This week, spot platinum was trading at around the $1,418-to-$1,429 an ounce on the London market, and was fixed at $1,424 in the p.m. fix on Feb. 19. U.S. platinum futures for April delivery on the Comex division of  Nymex settled at $1,424.5 an ounce at midweek. U.S markets were closed Feb. 17 for the President’s Day holiday.

Platinum’s sister metal palladium similarly has been little moved by the labor dispute. Spot palladium was fixed at $739 an ounce in the p.m. fix on the London market on Feb. 19. March palladium futures on Comex, meanwhile, finished at $735.4 an ounce. U.S. palladium futures had been trading around $745 to $746 on the eve of the strike.

In a joint statement this week, Amplats, Implats and Lonmin said they would not raise the wage offer they made on Jan. 29 which was rejected by Amcu on behalf of its members. The producers also continued to warns of job losses the longer the strike goes on.

Amcu is demanding a monthly basic wage of R12,500 ($1,143) for its workers, an effective 150-percent increase in some cases. The three producers have offered a 7-percent to 9-percent annual increase over each of the next three years. The three platinum companies on Feb. 19 said their offer was “fair and reasonable” and they “cannot and do not contemplate anything above this.”

It remains imperative that an affordable, achievable and sustainable resolution is reached, they said, warning that “prolonged strike action will result in more losses, in further fundamental restructuring and inevitably, this will have a negative impact on jobs and the economy.”

Amcu vowed to continue striking until “we achieve a settlement that is accommodative of our R12,500-rand-a-month demand.”

An estimated 80,000 South African platinum mine workers are on strike and the three producers are reported to be losing around 9,900 ounces of platinum and 5,000 ounces of palladium daily since the walkout began.

Coffee & sugar soar on Brazilian weather woes

Coffee and sugar were among the soft commodities seeing renewed price surges this week as dry growing conditions persist in Southern Brazil. Despite scattered showers last week, the rainfall so far has not been heavy enough to assuage the drought.

The hot, dry weather is coming at a crucial stage for the development of the coffee beans. Many fear the 2014-2015 crop, due to start harvesting in May, already has sustained significant losses. Brazil’s Cooxupé, the world’s largest coffee cooperative, recently warned the drought will reduce the next crop in its growing areas in Minas Gerais, the country’s leading coffee-growing area, by as much as 30 percent.

May arabica futures on the ICE Futures U.S. exchange in New York soared to settle at 172.25 cents a pound by midweek, the highest finish for the most-active contract since early October 2012 and a more-than 55-percent gain since the start of the year.

“The market for arabica coffee appears to have gone crazy,” Commerzbank said in a Commodities Daily note earlier this week.

“The ongoing drought in Brazil, the world’s most important grower of coffee, is continuing to unsettle market players,” the bank said, noting meteorological service estimates indicated rainfall in key coffee-growing regions of the country fell short of the normal total by 88 percent in the past 30 days.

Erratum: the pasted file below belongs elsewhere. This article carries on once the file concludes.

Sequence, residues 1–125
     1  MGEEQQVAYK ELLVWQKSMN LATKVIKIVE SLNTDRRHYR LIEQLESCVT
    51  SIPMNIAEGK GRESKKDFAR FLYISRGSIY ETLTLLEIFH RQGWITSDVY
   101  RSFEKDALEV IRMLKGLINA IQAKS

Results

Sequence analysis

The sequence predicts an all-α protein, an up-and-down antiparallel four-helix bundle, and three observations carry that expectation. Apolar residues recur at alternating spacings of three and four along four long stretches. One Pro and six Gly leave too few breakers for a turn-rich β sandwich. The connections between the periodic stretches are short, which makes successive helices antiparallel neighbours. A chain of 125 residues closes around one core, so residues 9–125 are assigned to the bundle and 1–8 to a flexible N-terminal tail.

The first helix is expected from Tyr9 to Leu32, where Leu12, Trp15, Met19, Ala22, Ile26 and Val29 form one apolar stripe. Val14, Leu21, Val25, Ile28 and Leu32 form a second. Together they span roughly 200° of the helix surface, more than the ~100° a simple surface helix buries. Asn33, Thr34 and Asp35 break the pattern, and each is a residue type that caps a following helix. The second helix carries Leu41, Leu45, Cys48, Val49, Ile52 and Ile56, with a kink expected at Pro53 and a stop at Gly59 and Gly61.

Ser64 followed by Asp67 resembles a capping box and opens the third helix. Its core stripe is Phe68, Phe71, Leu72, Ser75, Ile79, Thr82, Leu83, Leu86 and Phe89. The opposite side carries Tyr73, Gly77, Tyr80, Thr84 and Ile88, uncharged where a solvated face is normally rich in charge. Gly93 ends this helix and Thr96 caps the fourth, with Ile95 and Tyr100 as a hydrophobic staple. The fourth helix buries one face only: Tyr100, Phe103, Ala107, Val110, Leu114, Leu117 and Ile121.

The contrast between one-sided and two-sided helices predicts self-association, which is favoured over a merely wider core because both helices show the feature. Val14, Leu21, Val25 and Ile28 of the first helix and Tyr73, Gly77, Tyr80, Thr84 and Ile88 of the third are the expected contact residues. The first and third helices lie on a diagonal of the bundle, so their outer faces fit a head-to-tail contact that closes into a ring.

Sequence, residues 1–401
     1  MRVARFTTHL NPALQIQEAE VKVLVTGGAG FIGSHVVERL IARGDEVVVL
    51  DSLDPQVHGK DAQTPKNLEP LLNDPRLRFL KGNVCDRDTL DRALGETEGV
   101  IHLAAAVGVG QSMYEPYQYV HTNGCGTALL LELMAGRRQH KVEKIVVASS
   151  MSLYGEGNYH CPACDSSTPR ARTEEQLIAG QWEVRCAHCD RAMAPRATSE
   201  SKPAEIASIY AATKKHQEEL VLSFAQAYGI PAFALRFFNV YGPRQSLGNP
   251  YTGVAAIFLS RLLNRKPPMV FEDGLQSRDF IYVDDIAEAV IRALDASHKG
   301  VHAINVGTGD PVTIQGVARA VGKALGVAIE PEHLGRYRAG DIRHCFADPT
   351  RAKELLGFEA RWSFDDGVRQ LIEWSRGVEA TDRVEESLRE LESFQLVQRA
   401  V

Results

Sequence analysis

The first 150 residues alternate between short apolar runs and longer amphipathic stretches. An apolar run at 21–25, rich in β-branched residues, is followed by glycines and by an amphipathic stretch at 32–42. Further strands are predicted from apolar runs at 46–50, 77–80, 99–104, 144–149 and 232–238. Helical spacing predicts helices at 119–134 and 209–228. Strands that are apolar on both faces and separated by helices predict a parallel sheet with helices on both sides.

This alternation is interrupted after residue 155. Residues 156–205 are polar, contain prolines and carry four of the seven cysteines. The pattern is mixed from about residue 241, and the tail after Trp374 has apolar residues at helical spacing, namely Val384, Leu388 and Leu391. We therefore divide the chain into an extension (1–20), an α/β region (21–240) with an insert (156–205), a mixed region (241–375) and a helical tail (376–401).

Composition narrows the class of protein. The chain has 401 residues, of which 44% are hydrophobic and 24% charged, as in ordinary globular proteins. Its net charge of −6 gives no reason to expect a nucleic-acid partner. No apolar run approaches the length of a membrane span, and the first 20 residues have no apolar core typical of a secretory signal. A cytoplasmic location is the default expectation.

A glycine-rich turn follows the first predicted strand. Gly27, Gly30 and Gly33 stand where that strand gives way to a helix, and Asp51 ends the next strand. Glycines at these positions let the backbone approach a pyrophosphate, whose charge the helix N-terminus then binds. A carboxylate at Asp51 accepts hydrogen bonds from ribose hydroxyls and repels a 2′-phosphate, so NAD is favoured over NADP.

“For the time being, pricing on the coffee market will hang on every word spoken by the meteorologists,” Commerzbank said.

The lion’s share of Brazil’s coffee production typically is of arabica, but about 25 percent of its output is of the cheaper robusta variety. Robusta futures prices also have moved up sharply on the country’s weather woes. The May robusta contract on London’s NYSE Liffe exchange reached $1,982 a tonne on Feb. 19, the highest level since mid-July before settling 4.4 percent up on the day at $1,957 a tonne. Robusta coffee futures now have advanced by around 16 percent so far this year.

Raw sugar prices also gained as Brazil’s dry weather has reduced production forecasts for sugar cane output in the country’s center-south. Raw sugar for May delivery on ICE Futures U.S. closed at a two-month high of 16.85 cents a pound on Feb. 19.

In other softs markets, cotton futures were lower by midweek, with the ICE March contract finishing at 86.97 cents a pound.

Cocoa futures edged up to a fresh 29-month high early this week amid continued worries that dry weather in West Africa could reduce output from the region’s mid-crops, triggering fears that demand for the key chocolate-making ingredient will outpace supply for the second year running. The four producing countries of Côte d’Ivoire, Ghana, Nigeria and Cameroon together typically provide about 70 percent of the world’s cocoa each year. The mid-crop is the smaller of the two annual harvests in the region, and normally begins around April-May through September.

Cocoa for delivery in May on the ICE Futures U.S. exchange recorded an intraday high of $2,985 a tonne, a level last reached in September 2011, before settling at $2,946 on Feb. 18.  The following day, May cocoa finished $5.50 down on the day at $2,940.50 a tonne.

While care has been taken to ensure that the information contained in this AFKI Commodities Report is accurate, it is supplied without guarantee. The author can accept no responsibility for any errors or any consequence arising from the information provided.